Skip to main content

equality & diversityweb content

Learning about contrast

19 June 2024

At our most recent Centre for Medical Education Equality, Diversity and Inclusion Committee meeting we were looking at some posters. A colleague mentioned that they found the posters quite difficult to read and talked about the contrast between the text and the background. As often is the case, this prompted me to learn something.

I was reminded about a talk in May I attended by Beth Kume-Holland – the Annual University of Oxford Disability Lecture. Beth Kume-Holland listed four quick wins on the topic of accessible communications:

  • Include alt text and image descriptions with any images
  • Make sure all video content includes closed captions
  • Ensure proper contrast between any text and its background
  • Camel Case your hashtags. (#dontbeinaccessible #BeAccessible)

This prompted the question for me: what is proper contrast between text and backgrounds. A web search identified some very useful recommendations and resources.

This Scope website had an article all about Contrast:

It talks about low contrast when colours are too similar (for example, yellow and orange) and high contrast when colours are very different from each other (for example, black and white). A contrast ratio of 1:1 shows no contrast; a 21:1 ratio shows a high contrast, for example black text on a white document. The Web Content Accessibility Guidelines (WCAG) 2 suggest a minimum contrast ratio of 4.5:1 for small text and 3:1 for large text. It describes an optimal compliance suggests a ratio of 7:1.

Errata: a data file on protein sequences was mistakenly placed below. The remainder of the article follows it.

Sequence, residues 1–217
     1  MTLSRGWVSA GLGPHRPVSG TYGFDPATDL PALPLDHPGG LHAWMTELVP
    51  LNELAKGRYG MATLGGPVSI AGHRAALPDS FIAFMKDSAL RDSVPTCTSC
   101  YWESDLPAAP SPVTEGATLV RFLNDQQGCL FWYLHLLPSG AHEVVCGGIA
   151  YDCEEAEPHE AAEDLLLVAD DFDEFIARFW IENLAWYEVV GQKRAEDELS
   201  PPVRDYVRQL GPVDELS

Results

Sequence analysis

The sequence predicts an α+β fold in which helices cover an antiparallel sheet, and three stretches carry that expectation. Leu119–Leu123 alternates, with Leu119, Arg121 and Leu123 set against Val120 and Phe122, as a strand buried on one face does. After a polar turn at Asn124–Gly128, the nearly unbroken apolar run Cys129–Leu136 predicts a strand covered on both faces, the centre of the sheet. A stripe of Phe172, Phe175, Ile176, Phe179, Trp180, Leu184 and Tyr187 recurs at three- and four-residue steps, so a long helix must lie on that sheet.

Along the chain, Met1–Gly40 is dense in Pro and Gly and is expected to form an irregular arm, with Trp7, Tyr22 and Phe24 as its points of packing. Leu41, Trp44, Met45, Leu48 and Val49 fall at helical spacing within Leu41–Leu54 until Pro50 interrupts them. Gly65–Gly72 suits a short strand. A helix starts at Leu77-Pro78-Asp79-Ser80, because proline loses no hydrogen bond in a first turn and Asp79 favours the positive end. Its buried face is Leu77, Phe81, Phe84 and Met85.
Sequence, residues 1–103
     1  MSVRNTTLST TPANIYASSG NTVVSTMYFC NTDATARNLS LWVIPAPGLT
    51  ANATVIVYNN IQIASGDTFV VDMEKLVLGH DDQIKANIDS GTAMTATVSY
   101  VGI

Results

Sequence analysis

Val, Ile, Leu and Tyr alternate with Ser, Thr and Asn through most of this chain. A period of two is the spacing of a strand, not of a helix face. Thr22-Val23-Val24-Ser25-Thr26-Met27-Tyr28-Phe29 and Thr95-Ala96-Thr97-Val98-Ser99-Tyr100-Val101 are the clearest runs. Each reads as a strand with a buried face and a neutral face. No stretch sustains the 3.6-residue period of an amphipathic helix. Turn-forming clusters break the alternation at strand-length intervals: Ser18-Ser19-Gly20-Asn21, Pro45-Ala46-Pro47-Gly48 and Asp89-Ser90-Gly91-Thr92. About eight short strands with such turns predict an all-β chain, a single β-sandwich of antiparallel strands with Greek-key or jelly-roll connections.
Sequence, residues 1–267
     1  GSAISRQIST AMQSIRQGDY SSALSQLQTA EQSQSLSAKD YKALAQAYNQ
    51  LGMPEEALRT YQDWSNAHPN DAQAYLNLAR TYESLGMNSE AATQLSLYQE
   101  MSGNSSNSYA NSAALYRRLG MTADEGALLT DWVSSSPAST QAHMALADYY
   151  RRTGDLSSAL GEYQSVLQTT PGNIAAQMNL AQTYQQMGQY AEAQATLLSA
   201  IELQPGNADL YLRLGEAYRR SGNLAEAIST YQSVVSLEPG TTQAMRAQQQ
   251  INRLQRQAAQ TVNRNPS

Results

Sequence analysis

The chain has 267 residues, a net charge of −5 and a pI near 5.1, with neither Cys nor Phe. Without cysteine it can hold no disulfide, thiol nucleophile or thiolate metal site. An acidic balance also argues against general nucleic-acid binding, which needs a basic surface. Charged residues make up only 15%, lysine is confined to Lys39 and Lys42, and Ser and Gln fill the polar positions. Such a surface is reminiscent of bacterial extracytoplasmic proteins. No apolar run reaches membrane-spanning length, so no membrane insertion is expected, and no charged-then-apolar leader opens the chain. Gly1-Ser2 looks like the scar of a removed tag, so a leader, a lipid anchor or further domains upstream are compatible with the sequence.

This site by WebAIM allows a calculation of contrast ratio. You can identify colours from an image using this site. Here is an example of what I have done to calculate a contrast ratio.

Two squares of colour: an orange and a blue.

Code for the 0range colour: #EEA480

Code for the blue colour: #05427C

This gives a ratio of 4.93:1 which passes the WCAG AA requirement. To pass the WCAG AAA requirement, the contrast would need to be increased to 7:1. This could be done by changing the lightness of the one or both of the two colours.

Here is what I have tried. I’m not sure how much difference it makes so I need to discuss this with others.

Output from contrast checker changing lightness so that the ratio increases greater than 7:1.


Some more information on these sites too: